A Showcase of Romanesque Architecture and Rural Hospitality
Time takes a leap back to the Middle Ages in Vezelay, whose Basilica of Ste. Madeleine attracted multitudes of pilgrims for centuries. Follow in their footsteps up the picturesque town’s steep main street. At its summit, the great Romanesque church has stood since the 11th century, when it was one of the focal points of Christendom.
Relics of St. Mary Magdalene, Christianity’s most beloved pardoned sinner, were credited with many miracles and drew an onslaught of devoted Christians, who stopped here on the way to Santiago de Compostela in northwestern Spain. After the relics were eventually declared false, Vezelay fell out of favor and the cathedral fell into ruins. It escaped demolition in 1840, was painstakingly restored, and is once again a showcase of Romanesque architecture, a masterpiece of light and space.
Located in the fertile heartland of one of the world’s most prestigious wine-producing regions, Vezelay can be the perfect town from which to soak up Burgundy’s magic if you have booked at the nearby 15th-century Château de Vault-de-Lugny. With just twelve sumptuous guest chambers and the personal attention of the warm owners, this is like staying at an old friend’s dream château, replete with a 13th-century dungeon. Dinner is served by candlelight in the atmospheric old kitchen, or when weather permits, outdoors near the ancient moat and a family of preening peacocks.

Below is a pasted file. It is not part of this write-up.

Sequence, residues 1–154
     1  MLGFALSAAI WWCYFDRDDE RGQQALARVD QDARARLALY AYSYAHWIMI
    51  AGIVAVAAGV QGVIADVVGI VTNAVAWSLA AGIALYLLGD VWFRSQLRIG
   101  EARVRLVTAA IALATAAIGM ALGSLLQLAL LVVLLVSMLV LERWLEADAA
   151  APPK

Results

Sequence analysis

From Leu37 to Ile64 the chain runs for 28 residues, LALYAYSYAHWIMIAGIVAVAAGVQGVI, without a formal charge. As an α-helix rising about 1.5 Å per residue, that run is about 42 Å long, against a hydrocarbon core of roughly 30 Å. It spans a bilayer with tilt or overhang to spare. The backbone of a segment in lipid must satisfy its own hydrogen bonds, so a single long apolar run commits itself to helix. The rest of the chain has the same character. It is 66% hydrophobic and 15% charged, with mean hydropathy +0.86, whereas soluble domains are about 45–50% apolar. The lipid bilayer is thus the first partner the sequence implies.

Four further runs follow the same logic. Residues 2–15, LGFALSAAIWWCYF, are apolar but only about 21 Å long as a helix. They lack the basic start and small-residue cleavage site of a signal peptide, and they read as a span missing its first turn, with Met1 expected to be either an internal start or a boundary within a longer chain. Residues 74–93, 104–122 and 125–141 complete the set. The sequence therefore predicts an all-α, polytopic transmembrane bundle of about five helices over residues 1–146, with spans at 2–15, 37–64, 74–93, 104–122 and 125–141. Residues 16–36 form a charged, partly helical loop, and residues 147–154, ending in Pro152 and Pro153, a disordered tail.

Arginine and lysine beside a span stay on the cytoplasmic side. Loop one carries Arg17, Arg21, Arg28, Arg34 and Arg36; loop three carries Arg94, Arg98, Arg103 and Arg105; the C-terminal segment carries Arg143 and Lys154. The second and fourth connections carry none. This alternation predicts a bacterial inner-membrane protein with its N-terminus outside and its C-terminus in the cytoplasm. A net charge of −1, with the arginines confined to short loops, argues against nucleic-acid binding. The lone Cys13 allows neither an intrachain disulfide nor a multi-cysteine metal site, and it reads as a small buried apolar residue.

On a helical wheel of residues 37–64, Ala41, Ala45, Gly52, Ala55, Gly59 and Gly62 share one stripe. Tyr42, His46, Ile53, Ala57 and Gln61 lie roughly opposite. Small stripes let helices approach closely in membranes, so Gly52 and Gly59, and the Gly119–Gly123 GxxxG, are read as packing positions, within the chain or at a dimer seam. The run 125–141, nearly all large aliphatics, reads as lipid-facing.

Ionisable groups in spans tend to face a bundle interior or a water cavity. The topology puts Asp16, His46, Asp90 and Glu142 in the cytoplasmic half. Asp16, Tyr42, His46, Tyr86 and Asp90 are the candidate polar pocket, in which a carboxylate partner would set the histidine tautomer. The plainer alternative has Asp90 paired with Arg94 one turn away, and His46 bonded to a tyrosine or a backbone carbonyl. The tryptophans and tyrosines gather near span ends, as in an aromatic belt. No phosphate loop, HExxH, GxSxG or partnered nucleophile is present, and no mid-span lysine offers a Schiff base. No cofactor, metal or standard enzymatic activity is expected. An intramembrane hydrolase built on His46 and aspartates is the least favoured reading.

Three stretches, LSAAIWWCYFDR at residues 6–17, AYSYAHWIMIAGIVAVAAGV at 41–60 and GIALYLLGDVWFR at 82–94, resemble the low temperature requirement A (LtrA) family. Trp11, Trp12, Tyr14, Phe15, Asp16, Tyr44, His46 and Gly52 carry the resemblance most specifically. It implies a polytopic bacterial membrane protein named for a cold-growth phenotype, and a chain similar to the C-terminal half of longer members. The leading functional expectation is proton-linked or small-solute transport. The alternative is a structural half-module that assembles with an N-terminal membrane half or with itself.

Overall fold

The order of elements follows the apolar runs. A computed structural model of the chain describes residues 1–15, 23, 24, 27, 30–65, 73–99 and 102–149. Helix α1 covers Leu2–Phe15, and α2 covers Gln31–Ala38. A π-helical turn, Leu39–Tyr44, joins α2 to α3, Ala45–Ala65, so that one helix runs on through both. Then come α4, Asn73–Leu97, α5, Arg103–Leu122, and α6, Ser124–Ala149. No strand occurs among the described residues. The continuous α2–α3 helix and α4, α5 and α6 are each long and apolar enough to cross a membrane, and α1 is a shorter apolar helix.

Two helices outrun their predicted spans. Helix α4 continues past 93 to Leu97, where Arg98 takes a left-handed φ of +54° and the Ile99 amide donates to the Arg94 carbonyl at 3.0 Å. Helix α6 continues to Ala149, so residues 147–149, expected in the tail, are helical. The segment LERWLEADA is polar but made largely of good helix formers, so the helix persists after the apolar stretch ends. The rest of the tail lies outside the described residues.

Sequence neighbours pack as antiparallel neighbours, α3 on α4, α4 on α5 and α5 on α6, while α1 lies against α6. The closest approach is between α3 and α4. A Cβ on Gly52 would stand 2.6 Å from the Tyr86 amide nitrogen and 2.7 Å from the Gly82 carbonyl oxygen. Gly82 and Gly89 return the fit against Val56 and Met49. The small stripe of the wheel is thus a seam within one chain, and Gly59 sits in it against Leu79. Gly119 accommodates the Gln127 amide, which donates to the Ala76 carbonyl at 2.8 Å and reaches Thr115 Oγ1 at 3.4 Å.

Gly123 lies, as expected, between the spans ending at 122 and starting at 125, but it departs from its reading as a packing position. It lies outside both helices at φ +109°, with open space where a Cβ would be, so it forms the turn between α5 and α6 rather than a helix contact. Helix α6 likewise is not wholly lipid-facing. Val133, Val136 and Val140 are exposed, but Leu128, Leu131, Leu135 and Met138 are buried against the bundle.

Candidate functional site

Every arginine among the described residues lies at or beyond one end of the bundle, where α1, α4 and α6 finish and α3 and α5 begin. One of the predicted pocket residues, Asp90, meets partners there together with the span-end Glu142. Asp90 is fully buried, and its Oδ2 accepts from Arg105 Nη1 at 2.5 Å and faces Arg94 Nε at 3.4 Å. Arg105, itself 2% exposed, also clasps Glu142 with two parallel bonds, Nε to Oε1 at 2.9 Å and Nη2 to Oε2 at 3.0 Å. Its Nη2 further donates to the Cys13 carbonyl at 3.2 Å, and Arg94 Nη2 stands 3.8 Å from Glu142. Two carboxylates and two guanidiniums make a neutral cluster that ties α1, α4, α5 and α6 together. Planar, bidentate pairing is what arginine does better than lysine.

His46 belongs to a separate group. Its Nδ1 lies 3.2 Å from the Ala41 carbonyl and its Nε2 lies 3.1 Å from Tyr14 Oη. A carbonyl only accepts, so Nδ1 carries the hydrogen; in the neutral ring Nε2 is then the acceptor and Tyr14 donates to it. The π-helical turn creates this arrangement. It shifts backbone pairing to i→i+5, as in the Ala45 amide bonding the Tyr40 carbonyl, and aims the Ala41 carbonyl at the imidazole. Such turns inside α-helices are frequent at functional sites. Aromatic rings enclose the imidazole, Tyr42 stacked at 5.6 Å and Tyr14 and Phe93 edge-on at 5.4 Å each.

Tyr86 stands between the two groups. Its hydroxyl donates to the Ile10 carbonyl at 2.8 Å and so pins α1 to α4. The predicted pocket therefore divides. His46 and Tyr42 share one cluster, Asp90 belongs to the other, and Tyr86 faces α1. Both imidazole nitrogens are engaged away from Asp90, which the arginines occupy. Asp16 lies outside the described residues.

For a special off-site dinner, travel to St. Pere at the foot of Vezelay, birthplace of the world-lauded Marc Meneau, who modestly refers to himself as a “country chef.” At L’Esperance, an old stone farmhouse with a glass-enclosed dining room, Meneau and his wife, Francoise, have combined an ambience of rural ease with world-class sophistication and a subtle menu of local game and produce.